Agriculture and Food Systems

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The Cecil County agriculture educator offers a variety of educational services to the commercial farm community. Some programs train or recertify agricultural producers to meet State regulations.

Other seminars provide technical and business information that introduce new technologies or practices that help farmers improve production, operate more profitably, and maintain the environment.   The Cecil County Extension faculty educator is available to provide information, consultation and educational programs to Cecil County's agriculture community. 

Life Stages of the Spotted Lanternfly

Spotted Lanternfly Egg Masses.  October - June

Freshly laid egg masses, which are about 1” long and laid on hard surfaces, including trees, stones, patio furniture, etc. The egg masses are covered in a white putty-like substance, which age over time to look like cracked mud.

Spotted Lanternfly Egg Masses -  Old.  October - June  

Old egg masses, which have the putty or mud-like covering worn off. Here, you can see each individual seed-like egg. Image by Pennsylvania Department of Agriculture.  

Hatch & First Instar:  May-June.

Second Instar:  June-July.

Third Instar:  June-July

Early Stage Nymph of Spotted Lanternfly.   An early stage nymph (1st-3rd instars). These hatch from the eggs and are just a few millimeters in length. As they age, they grow to be ~1/4 inch long. The have black bodies and legs, and are covered in bright white spots. They are strong jumpers, and will jump when prodded or frightened.   These appear from April to October.  Photo by Emelie Swackhamer, Penn State University.

Fourth Instar:  July-September

Late Stage Nymph of Spotted Lanternfly.   A late stage nymph (4th instars). These are the last nymph stage before becoming adults. They are ~1/2 inch long, and are bright red, covered in black stripes and white spots. They are strong jumpers, and will jump when prodded or frightened. They appear from May to October each year.  Photo by Peter Coffey, University of Maryland Extension.

Adult:  July-December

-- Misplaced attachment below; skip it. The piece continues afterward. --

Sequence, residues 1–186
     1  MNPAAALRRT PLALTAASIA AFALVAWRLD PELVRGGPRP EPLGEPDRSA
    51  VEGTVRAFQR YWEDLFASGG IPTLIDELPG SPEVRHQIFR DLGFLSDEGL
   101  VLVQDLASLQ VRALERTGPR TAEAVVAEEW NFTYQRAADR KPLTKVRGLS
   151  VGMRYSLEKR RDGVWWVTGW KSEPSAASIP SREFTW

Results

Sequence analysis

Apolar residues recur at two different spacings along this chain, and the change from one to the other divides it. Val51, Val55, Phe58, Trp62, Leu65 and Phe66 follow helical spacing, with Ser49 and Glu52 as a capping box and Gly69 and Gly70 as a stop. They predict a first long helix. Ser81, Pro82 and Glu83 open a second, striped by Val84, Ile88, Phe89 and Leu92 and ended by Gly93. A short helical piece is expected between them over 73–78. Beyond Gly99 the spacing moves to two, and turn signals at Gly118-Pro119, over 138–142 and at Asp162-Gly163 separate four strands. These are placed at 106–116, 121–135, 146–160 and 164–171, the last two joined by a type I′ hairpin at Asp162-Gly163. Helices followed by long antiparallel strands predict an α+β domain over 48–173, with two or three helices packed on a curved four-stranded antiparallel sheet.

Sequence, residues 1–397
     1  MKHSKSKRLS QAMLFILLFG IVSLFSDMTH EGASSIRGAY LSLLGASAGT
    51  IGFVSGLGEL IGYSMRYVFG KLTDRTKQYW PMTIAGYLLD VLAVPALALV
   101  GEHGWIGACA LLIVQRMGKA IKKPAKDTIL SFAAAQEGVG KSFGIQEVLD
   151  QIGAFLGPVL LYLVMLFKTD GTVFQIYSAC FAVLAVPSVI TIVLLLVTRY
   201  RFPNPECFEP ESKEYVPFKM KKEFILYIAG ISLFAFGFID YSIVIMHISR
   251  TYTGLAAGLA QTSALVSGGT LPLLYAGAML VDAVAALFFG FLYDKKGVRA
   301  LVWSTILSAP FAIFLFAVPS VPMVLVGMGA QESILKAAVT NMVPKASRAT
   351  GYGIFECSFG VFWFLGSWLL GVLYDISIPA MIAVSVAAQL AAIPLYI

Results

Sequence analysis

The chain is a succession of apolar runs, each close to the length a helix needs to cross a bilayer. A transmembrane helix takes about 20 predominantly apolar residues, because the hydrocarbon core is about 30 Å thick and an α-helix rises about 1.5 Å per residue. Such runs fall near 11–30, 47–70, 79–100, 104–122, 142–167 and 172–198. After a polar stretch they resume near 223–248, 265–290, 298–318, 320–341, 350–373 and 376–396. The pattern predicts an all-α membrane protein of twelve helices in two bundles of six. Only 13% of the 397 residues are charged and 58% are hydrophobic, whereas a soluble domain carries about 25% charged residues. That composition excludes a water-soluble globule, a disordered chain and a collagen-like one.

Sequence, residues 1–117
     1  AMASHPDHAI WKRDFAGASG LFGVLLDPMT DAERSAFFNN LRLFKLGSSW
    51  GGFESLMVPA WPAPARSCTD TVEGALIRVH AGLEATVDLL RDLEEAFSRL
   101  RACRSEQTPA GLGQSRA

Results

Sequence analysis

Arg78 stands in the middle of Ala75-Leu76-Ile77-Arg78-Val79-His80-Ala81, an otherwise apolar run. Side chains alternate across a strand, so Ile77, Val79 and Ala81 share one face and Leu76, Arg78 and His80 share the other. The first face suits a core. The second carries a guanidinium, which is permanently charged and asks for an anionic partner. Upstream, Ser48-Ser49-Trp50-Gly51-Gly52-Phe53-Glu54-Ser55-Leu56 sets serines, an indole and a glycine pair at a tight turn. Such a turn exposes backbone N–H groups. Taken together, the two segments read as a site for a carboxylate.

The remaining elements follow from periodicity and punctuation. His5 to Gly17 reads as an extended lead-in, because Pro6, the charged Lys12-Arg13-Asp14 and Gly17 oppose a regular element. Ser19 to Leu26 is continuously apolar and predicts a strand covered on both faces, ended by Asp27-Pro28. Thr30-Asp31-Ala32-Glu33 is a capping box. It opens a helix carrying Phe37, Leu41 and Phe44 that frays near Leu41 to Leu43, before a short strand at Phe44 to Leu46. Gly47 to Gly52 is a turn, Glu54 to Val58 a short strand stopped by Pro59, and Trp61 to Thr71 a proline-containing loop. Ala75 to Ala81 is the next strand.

Adult Spotted Lanternfly- Open-wings.   An adult spotted lanternfly with its wings open. While spotted lanternfly adults can fly, they often prefer to jump and glide. You will see their wings when they are flying and gliding. You may also see them when they are frightened, or when they have been poisoned with an insecticide. Photo by Pennsylvania Department of Agriculture.

Egg Laying:  September-December

Adult Spotted Lanternfly - Side View.  The side-view of a spotted lanternfly adult. Adults are about 1” long. The females tend to be slightly larger than the males. Photo by Peter Coffey, University of Maryland Extension. 

Spotted Lanternfly: Identify, Report & Manage

IDENTIFY

Spotted Lanternfly Adult Closed Wings

View the photos on our website.  Do you see something that looks like them?

REPORT

Spotted Lanternfly Wanted

MDA has just implemented an online self-service portal for MD residents to fill out a survey if they see a spotted lanternfly life stage. The survey logs all of their reporting into a central area that MDA can use to pursue investigations or to perform analytics. Residents can find the link to the survey on the MDA spotted lanternfly webpage at https://mda.maryland.gov/plants-pests/pages/spotted-lantern-fly.aspx.

If they have questions or concerns, they should still feel free to contact the MDA at dontbug.md@maryland.gov or call at (410) 841-5920.Maryland Department of Agriculture - (410) 841-5920 or DontBug.MD@maryland.gov 

 

 

Photo credit:  Maryland Department of Agriculture

MANAGE

Spotted Lanternfly scraping eggs

Learn how to safely manage the spotted lanternfly throughout the year using resources from your local department of agriculture or extension office.  There are Fact Sheets, Videos, Webinars and Research data available for your viewing.  Photo credit:  Penn State Extension

 

Spotted Lanternfly spraying

Maryland Department of Agriculture

University of Maryland Extension

Penn State Extension

 

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    Agricultural Law